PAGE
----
Awesome Middle Grade Books by Diverse Authors
Looking for more great summer reading for your kids? Here are some wonderful middle grade books we’ve discovered this summer. And big bonus! They are all by diverse authors! Some address race and culture directly, while for others it is more part of the background. Either way, I can promise that your child will not want to put these books down, plus you will enjoy reading them yourself!
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Awesome Middle Grade Books by Diverse Authors
My son read New Kid four times before I was able to wrestle it away from him to read it myself. This graphic novel from award-winning author and illustrator Jerry Craft centers on a seventh grader just starting at a new school. Jordan finds himself at a prestigious private school where suddenly he is one of only a few students of color in his entire grade. This book brilliantly captures the ways that Jordan must learn to navigate his new school, dealing with both the wealth of most of his peers, and the many small ways that racism seeps into school culture. For example, he is often mistaken for other students of color, even if they are otherwise nothing alike – and teachers are often some of the worst offenders. Beyond just highlighting these microaggressions, the book shows – often through use of Jordan’s own artwork – how hurtful they can be. Highly readable book that manages to tackle the big issues in a nuanced way and still end on a high note.
I was already a big fan of The Epic Fail of Arturo Zamora (see my full review), so I was excited to find Marcus Vega Doesn’t Speak Spanish, a new book from author Pablo Cartaya. Marcus Vega is often misunderstood. He’s big, he’s tall, and he already has the start of a mustache. So people assume that he is a bully, just like they assume because of his name that he speaks Spanish. But the truth is that Marcus barely remembers Spanish or his Puerto Rican father, who left years ago. The only time Marcus gets aggressive is when someone insults his younger brother, who has Down Syndrome. When just such an insult leads to a fight and a possible suspension from school, Marcus’s mother decides it’s time for a family vacation to Puerto Rico. To Marcus this means the chance to finally find his father, yet he ends up discovering much more, like the true meaning of family, and when it is time to let go of someone. He even learns a little bit of Spanish!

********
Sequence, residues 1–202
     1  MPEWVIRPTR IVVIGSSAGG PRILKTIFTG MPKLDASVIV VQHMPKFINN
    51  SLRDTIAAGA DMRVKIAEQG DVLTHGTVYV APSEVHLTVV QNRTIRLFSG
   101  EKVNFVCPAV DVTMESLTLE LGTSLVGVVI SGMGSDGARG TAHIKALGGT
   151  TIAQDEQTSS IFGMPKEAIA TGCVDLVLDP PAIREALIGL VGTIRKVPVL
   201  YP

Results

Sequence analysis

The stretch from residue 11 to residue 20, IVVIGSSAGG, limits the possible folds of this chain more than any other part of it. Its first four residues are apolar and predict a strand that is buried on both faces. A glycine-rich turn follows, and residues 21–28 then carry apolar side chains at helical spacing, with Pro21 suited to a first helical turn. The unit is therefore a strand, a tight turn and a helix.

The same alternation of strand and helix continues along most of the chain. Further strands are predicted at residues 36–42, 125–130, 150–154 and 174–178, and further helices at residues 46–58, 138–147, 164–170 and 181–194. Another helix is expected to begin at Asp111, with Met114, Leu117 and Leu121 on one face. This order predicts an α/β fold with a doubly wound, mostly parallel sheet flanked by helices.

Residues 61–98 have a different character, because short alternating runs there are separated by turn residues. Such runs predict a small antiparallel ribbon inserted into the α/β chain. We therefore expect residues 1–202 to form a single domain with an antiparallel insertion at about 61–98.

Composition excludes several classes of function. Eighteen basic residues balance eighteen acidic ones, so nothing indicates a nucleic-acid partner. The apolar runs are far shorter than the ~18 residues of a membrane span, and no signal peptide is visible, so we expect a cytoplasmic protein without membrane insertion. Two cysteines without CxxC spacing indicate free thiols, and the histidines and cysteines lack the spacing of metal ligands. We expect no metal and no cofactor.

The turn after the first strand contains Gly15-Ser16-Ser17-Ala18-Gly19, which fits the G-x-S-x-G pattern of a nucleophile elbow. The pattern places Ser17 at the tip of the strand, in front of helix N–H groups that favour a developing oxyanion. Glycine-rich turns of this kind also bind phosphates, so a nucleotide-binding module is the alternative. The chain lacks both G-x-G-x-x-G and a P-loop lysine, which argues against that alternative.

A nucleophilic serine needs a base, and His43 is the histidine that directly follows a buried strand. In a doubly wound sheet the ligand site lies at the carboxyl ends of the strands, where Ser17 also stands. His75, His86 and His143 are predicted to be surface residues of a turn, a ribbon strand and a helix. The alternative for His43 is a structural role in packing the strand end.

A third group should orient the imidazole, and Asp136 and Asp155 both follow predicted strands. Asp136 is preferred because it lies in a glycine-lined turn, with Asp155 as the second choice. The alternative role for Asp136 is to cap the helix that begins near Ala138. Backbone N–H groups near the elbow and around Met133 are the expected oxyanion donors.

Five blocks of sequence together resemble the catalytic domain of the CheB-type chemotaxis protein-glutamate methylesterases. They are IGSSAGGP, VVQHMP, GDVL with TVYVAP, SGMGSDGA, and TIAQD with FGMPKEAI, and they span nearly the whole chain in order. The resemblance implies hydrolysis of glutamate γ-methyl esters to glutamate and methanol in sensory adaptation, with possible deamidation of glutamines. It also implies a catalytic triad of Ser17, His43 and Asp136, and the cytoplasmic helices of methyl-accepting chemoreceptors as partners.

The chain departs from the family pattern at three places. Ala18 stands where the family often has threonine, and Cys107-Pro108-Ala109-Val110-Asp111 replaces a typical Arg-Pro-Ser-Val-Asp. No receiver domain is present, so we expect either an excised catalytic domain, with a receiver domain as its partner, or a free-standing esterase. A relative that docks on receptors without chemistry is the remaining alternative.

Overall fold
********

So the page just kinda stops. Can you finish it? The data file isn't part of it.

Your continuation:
This book is incredibly funny and poignant, and its characters are wonderfully complex but very relatable at the same time. Marcus Vega Doesn’t Speak Spanish is a beautiful tribute to Puerto Rico and its people. It is set before the Hurricane Maria, and Cartaya wrote that it is meant to honor the memory of the lives lost.
We are currently in the midst of reading The Last Last-Day-of-Summer. You couldn’t get more contemporary, as it is set in August 2019 – hopefully we’ll finish well before the story actually takes place! The legendary Alston cousins are just looking for one more adventure before school starts, when a mysterious stranger shows up to offer them a gift of a camera. Yet this gift has a sinister side, as it has the effect of freezing time! Now Otto and Sheed must find a way to save their town, before it’s too late! A great read for anyone who likes science fiction or adventure. I love having kids of color front and center in a genre where they are often overlooked. This isn’t a “gritty” urban drama about escaping poverty or gang life, it’s just a clever, funny story about some amazingly heroic kids – who are about to save their small town from extinction!
NewsPrints and its sequel EndGames follow the adventures of Blue, a newsboy with a big secret – he’s actually a newsgirl. Fearing rejection (and losing her job), Blue disguises herself as a boy, which also lets her have many more adventures than she would be allowed as a girl. Indeed, much of the plot of the book focuses on going deeper than the surface, as Blue discovers that many of those around her are hiding secrets, including her own government. In the midst of an ongoing war, Blue and her new friend Crow must learn to trust each other with their true identities in order to save themselves.
A great adventure story that challenges young readers not to judge by appearance but to find out the truth for themselves and trust their instincts, particularly when it comes to knowing whom to trust.